The British Empire and the Second World War
In 1939 Hitler went to war not just with Great Britain; he also went to war with the whole of the British Empire, the greatest empire that there had ever been. In the years since 1945 that empire has disappeared, and the crucial fact that the British Empire fought together as a whole during the war has been forgotten. All the parts of the empire joined the struggle and were involved in it from the beginning, undergoing huge changes and sometimes suffering great losses as a result. The war in the desert, the defence of Malta and the Malayan campaign, and the contribution of the empire as a whole in terms of supplies, communications and troops, all reflect the strategic importance of Britain's imperial status. Men and women not only from Australia, New Zealand and India but from many parts of Africa and the Middle East all played their part. Winston Churchill saw the war throughout in imperial terms. The British Empire and the Second World War emphasises a central fact about the Second World War that is often forgotten.
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In January 1942 Park was appointed Air Officer Commanding Egypt, and shortly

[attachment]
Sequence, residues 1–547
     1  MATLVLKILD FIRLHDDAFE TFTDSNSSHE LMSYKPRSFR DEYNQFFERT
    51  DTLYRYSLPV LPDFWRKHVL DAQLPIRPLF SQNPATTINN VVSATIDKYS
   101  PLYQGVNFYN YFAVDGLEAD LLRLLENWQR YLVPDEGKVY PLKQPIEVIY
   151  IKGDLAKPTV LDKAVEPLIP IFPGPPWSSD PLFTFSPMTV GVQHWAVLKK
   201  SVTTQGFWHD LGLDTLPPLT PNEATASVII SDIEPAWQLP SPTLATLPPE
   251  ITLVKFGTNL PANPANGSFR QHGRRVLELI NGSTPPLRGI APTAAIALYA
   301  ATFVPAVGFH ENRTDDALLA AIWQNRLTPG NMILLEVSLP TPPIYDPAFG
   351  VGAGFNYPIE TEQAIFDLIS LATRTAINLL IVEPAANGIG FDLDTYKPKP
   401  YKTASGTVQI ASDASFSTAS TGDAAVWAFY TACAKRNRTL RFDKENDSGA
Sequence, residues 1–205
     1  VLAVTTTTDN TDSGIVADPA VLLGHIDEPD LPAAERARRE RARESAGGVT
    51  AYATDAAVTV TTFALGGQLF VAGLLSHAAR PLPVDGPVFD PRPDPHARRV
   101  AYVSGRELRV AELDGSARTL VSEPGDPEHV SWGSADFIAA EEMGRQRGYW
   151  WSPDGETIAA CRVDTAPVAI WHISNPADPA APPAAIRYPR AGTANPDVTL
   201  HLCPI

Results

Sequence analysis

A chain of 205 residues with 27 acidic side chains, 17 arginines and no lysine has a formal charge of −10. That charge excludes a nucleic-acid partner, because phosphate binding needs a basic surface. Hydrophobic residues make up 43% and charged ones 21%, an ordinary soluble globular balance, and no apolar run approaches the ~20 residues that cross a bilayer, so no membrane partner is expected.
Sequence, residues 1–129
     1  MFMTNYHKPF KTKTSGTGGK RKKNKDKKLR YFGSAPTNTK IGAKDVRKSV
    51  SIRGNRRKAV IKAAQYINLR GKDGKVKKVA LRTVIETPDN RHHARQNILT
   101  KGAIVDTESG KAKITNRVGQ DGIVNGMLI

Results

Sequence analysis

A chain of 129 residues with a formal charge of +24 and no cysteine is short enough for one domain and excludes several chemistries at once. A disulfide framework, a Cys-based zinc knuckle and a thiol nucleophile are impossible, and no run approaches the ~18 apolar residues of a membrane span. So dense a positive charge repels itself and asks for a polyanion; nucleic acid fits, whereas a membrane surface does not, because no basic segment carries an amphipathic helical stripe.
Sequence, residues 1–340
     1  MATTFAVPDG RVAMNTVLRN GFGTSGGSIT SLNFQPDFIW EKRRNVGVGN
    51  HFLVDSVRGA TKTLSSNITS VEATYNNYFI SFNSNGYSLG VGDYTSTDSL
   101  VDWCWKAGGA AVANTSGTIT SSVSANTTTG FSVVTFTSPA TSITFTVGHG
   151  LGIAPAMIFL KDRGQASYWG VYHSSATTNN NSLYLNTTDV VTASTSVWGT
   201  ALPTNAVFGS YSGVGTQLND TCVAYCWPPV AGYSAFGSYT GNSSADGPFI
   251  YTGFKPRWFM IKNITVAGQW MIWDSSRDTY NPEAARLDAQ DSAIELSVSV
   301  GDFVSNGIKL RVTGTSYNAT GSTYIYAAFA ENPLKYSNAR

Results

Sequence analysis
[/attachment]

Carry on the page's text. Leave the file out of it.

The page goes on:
afterwards, because of his acknowledged talent and the island's desperate need,
as Air Officer Commanding Malta. In January 1944 Park became Air Officer ...
formed a secret anti-British organization within the Egyptian military
establishment, and was in touch with German spies. ... Since 1922 Egypt had
been an independent nation state but the British, relying on an alliance with the
King (Khedive) ...
Egyptian positions for war. Wilson took the opportunity afforded by Italy's
reticence to prepare the army in Egypt for active operations in the desert,
planning to take the offensive at the earliest opportunity. For example, he insisted
on intensive ...
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The Approach of War
The Home Front
The Caribbean 177
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